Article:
Last night at Vibiana’s, I couldn’t find a place to eat my wild mushroom and goat cheese while holding my glass of Craftsman Octoberfest beer and my notebook and navigating a crowd reveling in some amazing food, wine and brew. So I ducked into what looked like an old wooden phone booth and set everything down on a handy ledge.
A woman paused to look at me. “I haven’t been in one of those in a while,” she said.
That’s when I realized: I wasn’t in a phone booth, I was in a confessional.
Vibiana’s used to be St. Vibiana’s, the first major cathedral in the City of Los Angeles, built in the 1870’s. The Archdiocese decommissioned and deconsecrated it in 1996, then erected the City of Angels Cathedral on Temple Street.
Vibiana’s, after a brutal conservancy fight with the Archdiocese and a $4 million painstaking restoration, became a breathtaking event space.
It was packed last night with hundreds of local chefs, food producers, activists, politicians and food lovers gathered for the “Taste of the LA Foodshed,” a kick off event for Roots of Change’s Network Summit: Healthy Food & Farms by 2030. Healthy food, farms and people is the overarching goal of Roots of Change, a non-profit founded by an energetic food policy cheerleader named Michael Dimock.
Dimock is a former farmer, agribusiness exec and Slow Food leader who recognizes that systemic change in our relationship to food has to come at the policy level. Over the course of a two day summit, ROC will launch its, “California Healthy Food & Agriculture” Platform that lays out for legislators state policies that ensure a healthy and prosperous food and farm economy in California. Last night the focus was on the potential products of wise food policy: great, local, healthy food.
“We all live in the city but we want to eat like we live on the farm,” said Evan Kleiman, the chef/owner of Angeli, host of Good Food on KCRW and a member of LA’s Food Policy Task Force.
Kleiman pointed out that LA is surrounded by fertile farmland and blessed with great weather— the city’s residents deserve to have healthy, local sustainable food.
“The foodshed needs to be tended like the watershed,” sad Dimock. “So everybody in the city can eat good food.”
We pay a steep price for the current system.
According to the ROC report, South Los Angeles has one of the highest poverty rates (30%) , as well as one of the highest obesity rates (35% of adults).
In 2009, one in 10 L.A. County residents received food assistance, according to the report. The problem is not starving –African type hunger, but inadequate nutrition, either out of lack of access to healthy food, or poor education, or both.
“We’re here because we need to have rational food policy in this town,” said LA Mayor Antonio Villaraigosa. “We have a high percentage of hungry kids and obese kids.”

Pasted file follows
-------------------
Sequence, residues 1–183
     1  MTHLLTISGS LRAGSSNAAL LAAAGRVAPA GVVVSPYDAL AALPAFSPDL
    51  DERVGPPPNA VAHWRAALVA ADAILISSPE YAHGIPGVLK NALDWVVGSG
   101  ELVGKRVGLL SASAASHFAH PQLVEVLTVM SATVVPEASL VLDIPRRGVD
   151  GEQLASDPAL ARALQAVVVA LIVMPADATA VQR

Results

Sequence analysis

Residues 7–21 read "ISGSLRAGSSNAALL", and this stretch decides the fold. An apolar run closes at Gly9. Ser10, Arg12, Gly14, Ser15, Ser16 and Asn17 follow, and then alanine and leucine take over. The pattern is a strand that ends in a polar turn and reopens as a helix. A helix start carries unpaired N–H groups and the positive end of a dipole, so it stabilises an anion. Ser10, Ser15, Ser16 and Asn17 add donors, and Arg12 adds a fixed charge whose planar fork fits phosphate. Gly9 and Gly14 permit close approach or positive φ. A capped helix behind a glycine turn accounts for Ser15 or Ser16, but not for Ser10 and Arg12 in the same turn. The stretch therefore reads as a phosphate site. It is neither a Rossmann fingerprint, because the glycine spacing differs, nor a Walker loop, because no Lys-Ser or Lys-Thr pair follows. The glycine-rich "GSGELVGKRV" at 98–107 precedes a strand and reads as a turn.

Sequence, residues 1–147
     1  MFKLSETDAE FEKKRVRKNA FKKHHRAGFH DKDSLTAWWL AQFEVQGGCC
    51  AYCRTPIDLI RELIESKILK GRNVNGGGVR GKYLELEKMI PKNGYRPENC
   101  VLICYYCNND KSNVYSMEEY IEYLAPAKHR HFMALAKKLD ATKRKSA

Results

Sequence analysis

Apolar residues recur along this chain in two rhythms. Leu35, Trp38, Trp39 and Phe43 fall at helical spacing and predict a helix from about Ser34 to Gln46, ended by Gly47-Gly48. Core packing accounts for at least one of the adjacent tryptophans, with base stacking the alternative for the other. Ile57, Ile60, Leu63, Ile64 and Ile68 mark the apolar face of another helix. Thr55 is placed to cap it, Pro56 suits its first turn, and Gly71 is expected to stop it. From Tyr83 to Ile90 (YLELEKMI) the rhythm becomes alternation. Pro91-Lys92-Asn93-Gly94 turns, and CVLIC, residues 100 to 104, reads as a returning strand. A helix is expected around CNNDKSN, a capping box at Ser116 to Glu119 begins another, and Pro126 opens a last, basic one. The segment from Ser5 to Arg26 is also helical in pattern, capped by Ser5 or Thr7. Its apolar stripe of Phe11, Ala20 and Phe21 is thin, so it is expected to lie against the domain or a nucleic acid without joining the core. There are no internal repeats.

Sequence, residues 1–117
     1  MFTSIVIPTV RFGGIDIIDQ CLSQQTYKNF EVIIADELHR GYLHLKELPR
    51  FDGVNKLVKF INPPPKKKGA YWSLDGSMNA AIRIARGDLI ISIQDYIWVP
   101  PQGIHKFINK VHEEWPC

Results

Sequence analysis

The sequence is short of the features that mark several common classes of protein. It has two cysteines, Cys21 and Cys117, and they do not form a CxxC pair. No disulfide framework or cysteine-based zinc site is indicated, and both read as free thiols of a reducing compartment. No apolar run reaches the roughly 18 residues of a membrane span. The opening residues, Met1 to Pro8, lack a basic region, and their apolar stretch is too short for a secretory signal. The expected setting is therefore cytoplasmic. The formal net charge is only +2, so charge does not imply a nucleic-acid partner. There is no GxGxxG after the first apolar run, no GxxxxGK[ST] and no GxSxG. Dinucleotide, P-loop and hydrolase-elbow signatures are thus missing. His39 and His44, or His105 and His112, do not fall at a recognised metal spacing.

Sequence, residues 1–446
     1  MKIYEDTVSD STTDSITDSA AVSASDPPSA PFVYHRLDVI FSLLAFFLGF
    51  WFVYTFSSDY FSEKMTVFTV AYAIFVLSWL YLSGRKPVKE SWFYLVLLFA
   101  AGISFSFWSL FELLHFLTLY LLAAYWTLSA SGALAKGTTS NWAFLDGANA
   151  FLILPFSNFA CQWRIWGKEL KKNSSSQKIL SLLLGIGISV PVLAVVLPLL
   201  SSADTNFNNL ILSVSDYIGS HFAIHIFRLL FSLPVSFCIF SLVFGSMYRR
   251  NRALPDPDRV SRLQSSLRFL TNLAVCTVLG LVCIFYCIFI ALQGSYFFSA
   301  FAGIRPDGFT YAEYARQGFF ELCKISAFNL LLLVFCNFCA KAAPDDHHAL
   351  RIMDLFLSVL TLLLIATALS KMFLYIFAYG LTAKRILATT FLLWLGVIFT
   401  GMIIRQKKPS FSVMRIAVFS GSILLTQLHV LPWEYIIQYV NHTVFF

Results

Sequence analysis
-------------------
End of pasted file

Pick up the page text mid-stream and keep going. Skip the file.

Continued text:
Los Angeles tried to do something about this in the 1990s, when it launched its first food policy council. That effort fell apart, while other cities like San Francisco, Portland, and New York made progress.
Judging by the turnout at the conference and the kickoff event, this time the efforts look like they’ll lead somewhere.
Occidental University Professor Bob Gottlieb is a task force member who is the director of the Urban and Environmental Policy Institute at Occidental College and author of Food Justice, an influential guide to what governments and citizens can do.
I asked him how the awareness, the concern and the renewed interest translate into actual policy, and not just actual committee meetings?
He told me that two immediate policy changes would mandate locally-sourced food procurement policies for the city and school district, and make it possible for low income residents to use EBT cards at farmers markets.
The hall at Vibiana’s was full of groups advocating longer term efforts, too, like community gardens in low income areas, school gardens, hunger relief and food access (The Jewish Federation and the Progressive Jewish Alliance had tables addressing those issues) and fair practices for food workers.
If that’s the medicine, the sugar to take it with were tables staffed by some of the city’s best chef, using over $100,000 of donated produce from local farmers to cook up examples of what sustainable local food could taste like.
It was a grazer’s paradise: Morro Bay oysters with Petty Ranch Meyer Llemon ceviche from the Water Grill. Sonoma County Poultry Liberty Duck Pastrami and Marinated Duck Tongues with Deardoff Family Farms Swiss Chard Jam from Waterloo and City’s Brendan Collins; EVA’s Mark Gold’s Jaime Farm Fall Squash lasagne layered with Tomato Confiture, Bay Leaf and Walnut… wines from Au Bon Climat and San Antonio (in downtown LA)… beer from Craftsman and from Eagle Rock Brewery. Multiply that times a couple dozen and you’ll understand the bounty.
“Michael Dimock is a visionary,” said documentary filmmaker Harry Wiland, one of the hundreds of guests sampling his way through the former church.
That vision was clear last night. Just as the way you and I eat shapes our bodies and souls, so too the way a city eats determines its quality of life. Food is an obvious lever to reshape our city, if only because it is the one thing that ties all of us together on a daily, even hourly basis.
I didn’t ask Dimock this, but I wondered why, of all the possible venues for last night’s event, he chose Vibiana’s. I don’t think it’s all a coincidence. The beautiful spread last night, and the sense of purpose and mission that produced it, as far as I’m concerned, on October 6, 2010, Vibiana’s was recomissioned, and reconsecrated